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Research can be defined as the search for knowledge, or as any systematic investigation, to establish novel facts, solve new or existing problems, prove new ideas, or develop new theories, usually using a scientific method. The primary purpose for basic research (as opposed to applied research) is discovering, interpreting, and the development of methods and systems for the advancement of human knowledge on a wide variety of scientific matters of our world and the universe.


  • Nothing has such power to broaden the mind as the ability to investigate systematically and truly all that comes under thy observation in life.
  • Research is something that everyone can do, and everyone ought to do. It is simply collecting information and thinking systematically about it. The word ‘research’ carries overtones of abstruse statistics and complex methods, white coats and computers. Some social research is highly specialised but most is not; much of the best research is logically very straightforward. Useful research on many problems can be done with small resources, and should be a regular part of the life of any thoughtful person involved in social action.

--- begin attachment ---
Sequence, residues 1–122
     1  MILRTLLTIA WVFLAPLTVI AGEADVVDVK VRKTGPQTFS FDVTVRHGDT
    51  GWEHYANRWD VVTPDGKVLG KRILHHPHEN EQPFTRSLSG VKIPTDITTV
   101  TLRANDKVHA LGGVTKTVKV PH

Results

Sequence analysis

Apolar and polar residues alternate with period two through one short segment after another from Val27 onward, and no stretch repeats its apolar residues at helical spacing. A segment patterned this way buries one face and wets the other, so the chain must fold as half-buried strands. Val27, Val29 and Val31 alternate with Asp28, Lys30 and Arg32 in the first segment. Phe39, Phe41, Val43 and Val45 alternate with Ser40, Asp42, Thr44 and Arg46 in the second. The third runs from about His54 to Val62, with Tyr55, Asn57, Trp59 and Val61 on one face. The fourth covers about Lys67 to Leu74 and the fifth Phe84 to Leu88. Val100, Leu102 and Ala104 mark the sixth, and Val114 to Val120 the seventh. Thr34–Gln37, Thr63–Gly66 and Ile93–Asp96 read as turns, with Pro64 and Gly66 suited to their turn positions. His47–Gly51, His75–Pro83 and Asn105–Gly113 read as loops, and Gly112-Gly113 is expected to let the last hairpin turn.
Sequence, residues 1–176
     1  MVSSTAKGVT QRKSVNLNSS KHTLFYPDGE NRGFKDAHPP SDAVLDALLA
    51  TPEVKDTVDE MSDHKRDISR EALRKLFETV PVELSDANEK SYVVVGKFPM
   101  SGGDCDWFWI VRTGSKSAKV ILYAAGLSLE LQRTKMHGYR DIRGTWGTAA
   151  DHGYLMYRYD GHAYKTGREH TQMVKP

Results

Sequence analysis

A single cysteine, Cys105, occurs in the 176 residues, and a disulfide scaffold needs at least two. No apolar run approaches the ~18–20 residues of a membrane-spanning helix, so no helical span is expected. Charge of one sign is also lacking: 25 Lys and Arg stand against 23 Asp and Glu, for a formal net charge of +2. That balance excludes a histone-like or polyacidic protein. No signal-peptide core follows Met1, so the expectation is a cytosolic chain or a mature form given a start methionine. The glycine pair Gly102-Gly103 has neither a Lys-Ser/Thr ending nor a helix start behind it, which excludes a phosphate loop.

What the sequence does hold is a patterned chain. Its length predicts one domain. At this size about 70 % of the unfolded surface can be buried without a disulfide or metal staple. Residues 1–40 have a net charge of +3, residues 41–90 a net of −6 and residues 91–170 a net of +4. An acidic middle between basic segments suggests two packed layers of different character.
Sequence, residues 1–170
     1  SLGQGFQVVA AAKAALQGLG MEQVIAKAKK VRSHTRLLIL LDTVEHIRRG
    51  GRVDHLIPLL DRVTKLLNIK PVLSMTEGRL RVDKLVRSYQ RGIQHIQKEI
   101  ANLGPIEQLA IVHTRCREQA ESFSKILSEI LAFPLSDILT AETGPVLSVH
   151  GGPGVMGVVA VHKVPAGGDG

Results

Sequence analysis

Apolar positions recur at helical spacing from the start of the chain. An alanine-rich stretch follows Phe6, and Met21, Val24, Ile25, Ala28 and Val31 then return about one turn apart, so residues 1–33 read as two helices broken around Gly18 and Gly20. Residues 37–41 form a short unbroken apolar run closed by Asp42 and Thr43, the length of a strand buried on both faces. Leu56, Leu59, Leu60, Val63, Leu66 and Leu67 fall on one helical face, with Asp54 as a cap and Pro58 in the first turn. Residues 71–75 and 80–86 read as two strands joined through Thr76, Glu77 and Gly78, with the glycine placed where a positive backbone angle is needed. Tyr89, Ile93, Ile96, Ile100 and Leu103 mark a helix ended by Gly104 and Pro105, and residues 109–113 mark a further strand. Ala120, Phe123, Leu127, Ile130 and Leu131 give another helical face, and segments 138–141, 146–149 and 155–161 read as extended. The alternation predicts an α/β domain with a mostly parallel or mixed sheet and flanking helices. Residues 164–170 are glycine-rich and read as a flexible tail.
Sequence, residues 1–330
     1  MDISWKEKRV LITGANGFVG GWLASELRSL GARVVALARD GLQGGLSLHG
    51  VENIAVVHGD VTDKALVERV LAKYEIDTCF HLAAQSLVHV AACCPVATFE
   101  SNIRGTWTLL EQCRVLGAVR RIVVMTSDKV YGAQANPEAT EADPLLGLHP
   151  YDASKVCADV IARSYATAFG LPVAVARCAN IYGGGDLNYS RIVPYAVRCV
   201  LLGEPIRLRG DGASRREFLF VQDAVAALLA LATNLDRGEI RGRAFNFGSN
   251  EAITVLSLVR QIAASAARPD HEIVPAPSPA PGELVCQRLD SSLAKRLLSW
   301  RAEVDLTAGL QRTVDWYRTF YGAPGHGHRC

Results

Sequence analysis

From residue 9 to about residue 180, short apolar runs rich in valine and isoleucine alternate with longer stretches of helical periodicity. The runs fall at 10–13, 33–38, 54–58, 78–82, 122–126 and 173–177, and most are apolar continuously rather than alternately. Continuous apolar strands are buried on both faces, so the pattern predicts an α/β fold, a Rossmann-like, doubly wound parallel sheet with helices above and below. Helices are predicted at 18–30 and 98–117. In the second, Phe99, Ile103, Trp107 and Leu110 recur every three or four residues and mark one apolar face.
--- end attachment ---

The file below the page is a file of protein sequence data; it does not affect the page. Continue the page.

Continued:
• Raewyn Connell et al. (1975). How to do small surveys – a guide for students in sociology, kindred industries and allied trades. School of Social Sciences. Flinders University. p. 1.
  • Attempt the end and never stand to doubt;
    Nothing's so hard but search will find it out.
  • In the course of describing my formative moment in 1978, I have already implicitly given my four basic rules for research. Let me now state them explicitly, then explain. Here are the rules:

    1. Listen to the Gentiles
    2. Question the question
    3. Dare to be silly
    4. Simplify, simplify

  • It is a good thing for a research scientist to discard a pet hypothesis every day before breakfast.
  • Hail, follow, well met,
    All dirty and wet:
    Find out, if you can,
    Who's master, who's man.
    • Jonathan Swift, My Lady's Lamentation; reported in Hoyt's New Cyclopedia Of Practical Quotations (1922), p. 400.
  • The worst thing happens when ideologists are trying to analyse scientific researches.
    • Jerzy Vetulani, Neurobiologia inteligencji, „Wiedza i Życie” 2/2008, pages 14–19.

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